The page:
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The Byzantine World

Byzantium or the Byzantine empire, was the eastern, Greek-speaking half of the Roman empire which survived the 'decline and fall' of the fifth century AD and flourished for another thousand years. Based on its capital city of Constantinople (now Istanbul), the empire originally covered the entire eastern half of the Mediterranean, from Egypt to the Balkans. In the seventh century, however, the Arab invasions robbed it of its eastern provinces, and confined it to what is now Turkey, Greece and the Southern Balkans.

Although politically less powerful after the Arab invasions, the empire went on to develop a unique visual and literary culture. The best known aspect of this culture is probably Byzantine religious art, with its mosaics, icons and frescoes of often quite exceptional craftsmanship and beauty.

The empire survived until 1453, when the Ottoman Turks finally captured Constantinople. Its legacy, however can still be seen in those countries which were influenced by its religious culture, particularly Russia, Greece, Serbia and Bulgaria.

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Further Reading:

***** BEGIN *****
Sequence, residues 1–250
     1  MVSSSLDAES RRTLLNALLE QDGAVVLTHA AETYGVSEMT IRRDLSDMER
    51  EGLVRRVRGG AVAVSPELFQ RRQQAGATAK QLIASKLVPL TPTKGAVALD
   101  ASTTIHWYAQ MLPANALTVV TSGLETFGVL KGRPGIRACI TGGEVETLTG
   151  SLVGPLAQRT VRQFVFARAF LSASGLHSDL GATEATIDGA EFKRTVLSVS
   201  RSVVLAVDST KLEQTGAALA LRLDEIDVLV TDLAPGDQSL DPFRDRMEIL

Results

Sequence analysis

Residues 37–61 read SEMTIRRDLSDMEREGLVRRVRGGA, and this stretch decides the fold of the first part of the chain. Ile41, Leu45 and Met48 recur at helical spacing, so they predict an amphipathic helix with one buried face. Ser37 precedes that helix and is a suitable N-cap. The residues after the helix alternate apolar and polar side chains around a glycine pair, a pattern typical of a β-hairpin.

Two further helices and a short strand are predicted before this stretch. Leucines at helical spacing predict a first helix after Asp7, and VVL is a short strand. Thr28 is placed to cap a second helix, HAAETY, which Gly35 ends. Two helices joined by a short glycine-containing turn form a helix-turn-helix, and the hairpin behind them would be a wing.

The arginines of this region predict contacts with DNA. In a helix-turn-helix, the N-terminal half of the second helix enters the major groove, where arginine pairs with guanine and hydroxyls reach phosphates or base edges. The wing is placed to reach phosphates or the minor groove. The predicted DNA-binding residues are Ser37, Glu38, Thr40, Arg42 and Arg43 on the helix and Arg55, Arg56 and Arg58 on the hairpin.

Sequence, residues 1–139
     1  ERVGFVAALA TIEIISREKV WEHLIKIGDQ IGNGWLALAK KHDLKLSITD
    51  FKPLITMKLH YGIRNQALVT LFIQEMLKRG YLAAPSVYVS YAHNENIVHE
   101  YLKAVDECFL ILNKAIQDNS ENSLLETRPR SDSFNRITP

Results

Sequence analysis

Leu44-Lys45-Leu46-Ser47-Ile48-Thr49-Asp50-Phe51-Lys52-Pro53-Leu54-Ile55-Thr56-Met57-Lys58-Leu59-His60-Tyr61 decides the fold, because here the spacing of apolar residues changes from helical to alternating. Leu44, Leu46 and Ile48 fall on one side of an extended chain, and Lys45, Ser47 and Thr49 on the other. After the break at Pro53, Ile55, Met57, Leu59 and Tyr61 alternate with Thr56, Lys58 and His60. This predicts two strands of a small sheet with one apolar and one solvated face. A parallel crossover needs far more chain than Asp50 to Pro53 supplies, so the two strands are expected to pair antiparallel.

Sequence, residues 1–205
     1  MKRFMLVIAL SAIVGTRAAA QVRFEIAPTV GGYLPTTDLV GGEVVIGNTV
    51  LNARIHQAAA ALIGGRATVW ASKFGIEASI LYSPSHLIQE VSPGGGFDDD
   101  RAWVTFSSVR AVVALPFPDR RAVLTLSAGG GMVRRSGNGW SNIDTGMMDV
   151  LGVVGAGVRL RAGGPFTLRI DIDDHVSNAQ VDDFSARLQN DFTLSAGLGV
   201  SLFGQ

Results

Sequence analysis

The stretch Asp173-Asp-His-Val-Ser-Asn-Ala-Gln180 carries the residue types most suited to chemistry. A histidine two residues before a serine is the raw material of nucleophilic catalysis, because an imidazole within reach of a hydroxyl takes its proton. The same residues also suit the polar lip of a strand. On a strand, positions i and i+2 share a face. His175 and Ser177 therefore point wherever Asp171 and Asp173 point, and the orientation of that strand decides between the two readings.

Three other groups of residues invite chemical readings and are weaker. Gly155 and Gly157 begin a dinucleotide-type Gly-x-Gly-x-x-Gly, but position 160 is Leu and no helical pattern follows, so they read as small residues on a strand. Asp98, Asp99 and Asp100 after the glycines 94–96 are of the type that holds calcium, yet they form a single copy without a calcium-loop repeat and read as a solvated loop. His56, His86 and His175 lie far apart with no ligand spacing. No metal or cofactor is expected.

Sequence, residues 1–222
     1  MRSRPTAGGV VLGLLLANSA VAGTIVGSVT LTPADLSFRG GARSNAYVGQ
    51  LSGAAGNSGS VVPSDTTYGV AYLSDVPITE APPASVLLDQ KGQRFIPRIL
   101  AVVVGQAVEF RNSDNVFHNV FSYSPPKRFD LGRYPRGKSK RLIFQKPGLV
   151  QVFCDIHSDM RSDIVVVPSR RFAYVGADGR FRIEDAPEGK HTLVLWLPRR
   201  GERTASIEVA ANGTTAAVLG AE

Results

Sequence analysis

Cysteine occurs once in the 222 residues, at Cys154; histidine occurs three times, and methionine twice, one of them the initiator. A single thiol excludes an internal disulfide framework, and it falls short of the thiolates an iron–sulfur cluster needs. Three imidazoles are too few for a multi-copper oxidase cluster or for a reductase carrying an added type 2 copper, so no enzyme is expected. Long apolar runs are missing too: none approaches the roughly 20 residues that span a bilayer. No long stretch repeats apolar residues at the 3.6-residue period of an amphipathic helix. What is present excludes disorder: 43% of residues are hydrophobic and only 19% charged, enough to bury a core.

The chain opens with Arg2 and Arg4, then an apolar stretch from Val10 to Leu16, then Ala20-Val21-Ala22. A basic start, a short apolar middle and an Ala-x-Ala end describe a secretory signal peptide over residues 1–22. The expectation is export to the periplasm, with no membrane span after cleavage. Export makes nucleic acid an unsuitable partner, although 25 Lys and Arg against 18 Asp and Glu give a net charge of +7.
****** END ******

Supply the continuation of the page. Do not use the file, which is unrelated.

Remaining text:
• ANGOLD, Michael, The Byzantine Empire, 1025-1204 (Longmans, 1997, 2nd ed.)
  • CAMERON, Averil, The Mediterranean World in Late Antiquity (Routledge, 1993)
  • LOVERANCE, Rowena, Byzantium (British Museum, 1994, 2nd ed.)
  • LOWDEN, John, Early Christian and Byzantine Art (Phaidon, 1997)
  • MANGO, Cyril, Byzantium: the Empire of New Rome (Weidenfeld and Nicolson, 1980)
  • MANGO, Cyril, The Oxford History of Byzantium (Oxford University Press, 2002)
  • MATTHEWS, Thomas F., The Art of Byzantium (Weidenfeld and Nicolson, 1998)
  • NICOL, D.M., The Last Centuries of Byzantium, 1261-1453 (Cambridge University Press, 1993, 2nd ed.)
  • NORWICH, John Julius, The Byzantium Trilogy: Byzantium: the Early Centuries, Byzantium: the Apogee and Byzantium: the Decline and Fall (Penguin, 1996) and published in condensed form as A Short History of Byzantium (Penguin, 1997)
  • OSTROGORSKY, George, A History of the Byzantine State, trans. J.M. Hussey (Blackwells, 1968, 2nd ed.)
  • RUNCIMAN, Steven, The Fall of Constantinople (Cambridge University Press, 1965)
  • TALBOT-RICE, David, Art of the Byzantine Era (Thames and Hudson, 1981)
  • WHITTOW, Mark, The Making of Orthodox Byzantium 600-1025 (Macmillan, 1996)

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